Watch Your Customers

Kodak!  One name that, as I write this, has been in business headlines – they’ve gone bust!  A company at the forefront of photography, the one that can claim to have brought what was a specialist trade into the hands of the masses.  How could the market leader go to the wall?

I recall my student days when I took photographs from both my university paper and for the local city one.  Long before photography went digital, I used film from three companies: Ilford (my day-to-day monochrome film, developed and printed by you’re truly in a university darkroom), Agfa (for a particularly fine grain film when copying documents) and Kodak (nothing would have made me use anything but Kodachrome for colour slides).  When, many years later, I bought my first Canon EOS SLR with auto-focus and sophisticated automatic exposure I also used Fuji colour print film.  Fuji was becoming a big player in the film market and had overtaken all others as Kodak’s main competitor.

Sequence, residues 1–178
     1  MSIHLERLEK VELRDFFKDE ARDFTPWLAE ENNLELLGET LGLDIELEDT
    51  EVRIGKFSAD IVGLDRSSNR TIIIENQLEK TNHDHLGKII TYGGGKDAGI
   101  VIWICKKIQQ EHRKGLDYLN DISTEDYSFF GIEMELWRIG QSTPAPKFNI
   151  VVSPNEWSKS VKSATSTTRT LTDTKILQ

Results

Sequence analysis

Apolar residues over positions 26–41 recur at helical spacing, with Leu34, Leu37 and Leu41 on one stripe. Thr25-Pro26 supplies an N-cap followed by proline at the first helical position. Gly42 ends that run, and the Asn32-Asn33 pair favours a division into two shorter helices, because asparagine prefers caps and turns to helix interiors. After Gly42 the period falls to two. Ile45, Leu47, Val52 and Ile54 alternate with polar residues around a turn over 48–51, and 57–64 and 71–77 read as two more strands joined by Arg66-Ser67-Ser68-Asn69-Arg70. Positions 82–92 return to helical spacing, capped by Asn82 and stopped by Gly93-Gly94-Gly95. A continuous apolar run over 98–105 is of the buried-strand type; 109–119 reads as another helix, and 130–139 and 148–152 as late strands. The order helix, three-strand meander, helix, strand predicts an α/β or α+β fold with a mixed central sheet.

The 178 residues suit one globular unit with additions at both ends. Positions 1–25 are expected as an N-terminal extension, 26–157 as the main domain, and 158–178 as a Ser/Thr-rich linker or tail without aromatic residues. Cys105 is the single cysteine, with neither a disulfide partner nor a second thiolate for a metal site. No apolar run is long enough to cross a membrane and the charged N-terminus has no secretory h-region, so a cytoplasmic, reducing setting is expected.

I can’t say for certain what Kodak executives were doing and thinking but, from what I’ve read, they focused on fighting for their market share and took on Fuji head-to-head.  That should be no surprise as managers are encouraged to know their competitors and to benchmark themselves – become the best in their market.  But, as is now known, Fuji wasn’t Kodak’s threat.  Being the best in the film business wasn’t going to maintain a company the size of Kodak because the world was going digital.  Film is still used but it’s now a much smaller and principally a specialist market – almost a return to the days before Kodak.  Photography is now much more prevalent but it’s gone digital and millions of people carry cameras with them all the time (built into their mobile phones).  Many of these phone cameras can deliver better quality than was available from many top flight digital cameras available just ten years ago.

Watching their competitors didn’t help Kodak because it wasn’t their competitor bringing the biggest competition.  The market was changing and, perhaps a better approach would have been to watch their customers.

(Posted as a blog 9th July 2012)

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